The same moment Kate began to wake. Her first movement brought Alec to his senses: why should he follow Beauchamp? He returned to her side, and they left the place, locked the door behind them, took the key to the lodge, and went home.
After tea, Alec, believing he had locked Beauchamp into the castle, returned and searched the building from top to bottom, even got a candle and a ladder, and went down into the dungeon, found no one, and went home bewildered.
While Alec was searching the vacant ruin, Beauchamp was comfortably seated on the box of the Spitfire, tooling it halfway home--namely, as far as the house of its owner, the laird above mentioned, who was a relative of his mother, and whom he was then visiting. He had seen Kate and Alec take the way to the castle, and had followed them, and found the door unlocked. Watching them about the place, he ascended the stair from another approach. The moment Alec looked up at him, he ran down again, and had just dropped into a sort of well-like place which the stair had used to fill on its way to a lower level, when he heard Alec's feet thundering up over his head. Determined then to see what the lady was like, for he had never seen her close, or without her bonnet, which now lay beside her on the grass, he scrambled out, and, approaching her cautiously, had a few moments to contemplate her before he saw--for he kept a watch on the tower--that Alec had again caught sight of him, when he immediately fled to his former refuge, which communicated with a low-pitched story lying between the open level and the vaults.
The sound of the ponderous and rusty bolt reached him across the cavernous space. He had not expected their immediate departure, and was rather alarmed. His first impulse was to try whether he could not shoot the bolt from the inside. This he soon found to be impossible. He next turned to the windows in the front, but there the ground fell away so suddenly that he was many feet from it--an altogether dangerous leap. He was beginning to feel seriously concerned, when he heard a voice:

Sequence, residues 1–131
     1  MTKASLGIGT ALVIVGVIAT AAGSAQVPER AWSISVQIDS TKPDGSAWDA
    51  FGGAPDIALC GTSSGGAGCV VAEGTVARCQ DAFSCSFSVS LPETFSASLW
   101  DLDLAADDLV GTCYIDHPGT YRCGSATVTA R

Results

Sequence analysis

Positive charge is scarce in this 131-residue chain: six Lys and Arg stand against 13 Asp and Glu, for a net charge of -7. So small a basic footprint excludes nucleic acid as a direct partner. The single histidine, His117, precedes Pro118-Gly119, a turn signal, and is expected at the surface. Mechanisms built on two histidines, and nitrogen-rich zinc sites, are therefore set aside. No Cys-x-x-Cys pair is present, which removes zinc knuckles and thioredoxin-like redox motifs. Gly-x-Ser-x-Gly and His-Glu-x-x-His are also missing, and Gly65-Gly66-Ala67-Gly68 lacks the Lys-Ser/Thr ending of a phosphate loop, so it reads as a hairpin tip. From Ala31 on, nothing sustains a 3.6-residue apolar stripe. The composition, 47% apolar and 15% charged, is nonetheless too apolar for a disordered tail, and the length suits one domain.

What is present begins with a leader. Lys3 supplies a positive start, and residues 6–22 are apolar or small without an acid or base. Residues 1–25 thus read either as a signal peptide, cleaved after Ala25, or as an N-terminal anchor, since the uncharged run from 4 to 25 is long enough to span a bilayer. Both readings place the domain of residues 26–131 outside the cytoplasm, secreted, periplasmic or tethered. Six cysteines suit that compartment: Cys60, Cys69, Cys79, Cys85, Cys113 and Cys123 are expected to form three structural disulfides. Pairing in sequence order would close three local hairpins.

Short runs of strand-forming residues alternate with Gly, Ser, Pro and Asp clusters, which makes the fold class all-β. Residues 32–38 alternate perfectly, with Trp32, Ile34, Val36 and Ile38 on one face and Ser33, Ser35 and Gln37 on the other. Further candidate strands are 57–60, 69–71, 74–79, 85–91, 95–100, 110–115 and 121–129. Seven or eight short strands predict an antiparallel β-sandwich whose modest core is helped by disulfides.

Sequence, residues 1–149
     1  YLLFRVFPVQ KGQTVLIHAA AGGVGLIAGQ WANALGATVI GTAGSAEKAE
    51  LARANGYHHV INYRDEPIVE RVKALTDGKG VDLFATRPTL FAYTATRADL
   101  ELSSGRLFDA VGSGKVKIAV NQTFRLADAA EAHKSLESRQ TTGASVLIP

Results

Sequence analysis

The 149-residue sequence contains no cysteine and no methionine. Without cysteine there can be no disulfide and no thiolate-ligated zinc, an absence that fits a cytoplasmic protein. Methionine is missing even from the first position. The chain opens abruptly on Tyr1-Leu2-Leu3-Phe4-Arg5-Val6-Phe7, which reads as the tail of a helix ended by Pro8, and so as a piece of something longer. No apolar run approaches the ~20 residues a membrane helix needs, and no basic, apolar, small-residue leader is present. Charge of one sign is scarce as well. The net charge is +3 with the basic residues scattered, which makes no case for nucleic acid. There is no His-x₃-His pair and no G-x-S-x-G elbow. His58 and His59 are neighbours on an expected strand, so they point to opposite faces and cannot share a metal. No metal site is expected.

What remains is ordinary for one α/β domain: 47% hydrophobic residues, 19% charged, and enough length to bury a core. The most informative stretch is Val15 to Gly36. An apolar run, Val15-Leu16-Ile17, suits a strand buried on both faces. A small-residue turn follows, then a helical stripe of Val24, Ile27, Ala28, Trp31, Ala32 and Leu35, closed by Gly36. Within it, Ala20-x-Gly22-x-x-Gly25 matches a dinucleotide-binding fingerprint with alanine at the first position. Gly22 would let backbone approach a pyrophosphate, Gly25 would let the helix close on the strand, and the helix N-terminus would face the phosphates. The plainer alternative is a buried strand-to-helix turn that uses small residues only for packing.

"Do ye want to win oot, sir? They hae lockit the door."
He turned but could see no one. Approaching the door again, he spied Annie, in the dark twilight, standing on the edge of the descent to the vaults. He had passed the spot not a minute before, and she was certainly not there then. She looked as if she had just glided up that slope from a region so dark that a spectre might haunt it all day long. But Beauchamp was not of a fanciful disposition, and instead of taking her for a spectre, he accosted her with easy insolence!
"Tell me how to get out, my pretty girl, and I'll give you a kiss."
Seized with a terror she did not understand, Annie darted into the cavern between them, and sped down its steep into the darkness which lay there like a lurking beast. A few yards down, however, she turned aside, through a low doorway, into a vault. Beauchamp rushed after her, passed her, and fell over a great stone lying in the middle of the way. Annie heard him fall, sprung forth again, and, flying to the upper light, found her way out, and left the discourteous knight a safe captive, fallen upon that horrible stair.--A horrible stair it was: up and down those steps, then steep and worn, now massed into an incline of beaten earth, had swarmed, for months together, a multitude of naked children, orphaned and captive by the sword, to and from the troughs at which they fed like pigs, amidst the laughter of the lord of the castle and his guests; while he who passed down them to the dungeon beyond, had little chance of ever retracing his steps upward to the light.
Annie told the keeper that there was a gentleman shut into the castle, and then ran a mile and a half to Tibbie's cottage, without stopping. But she did not say a word to Tibbie about her adventure.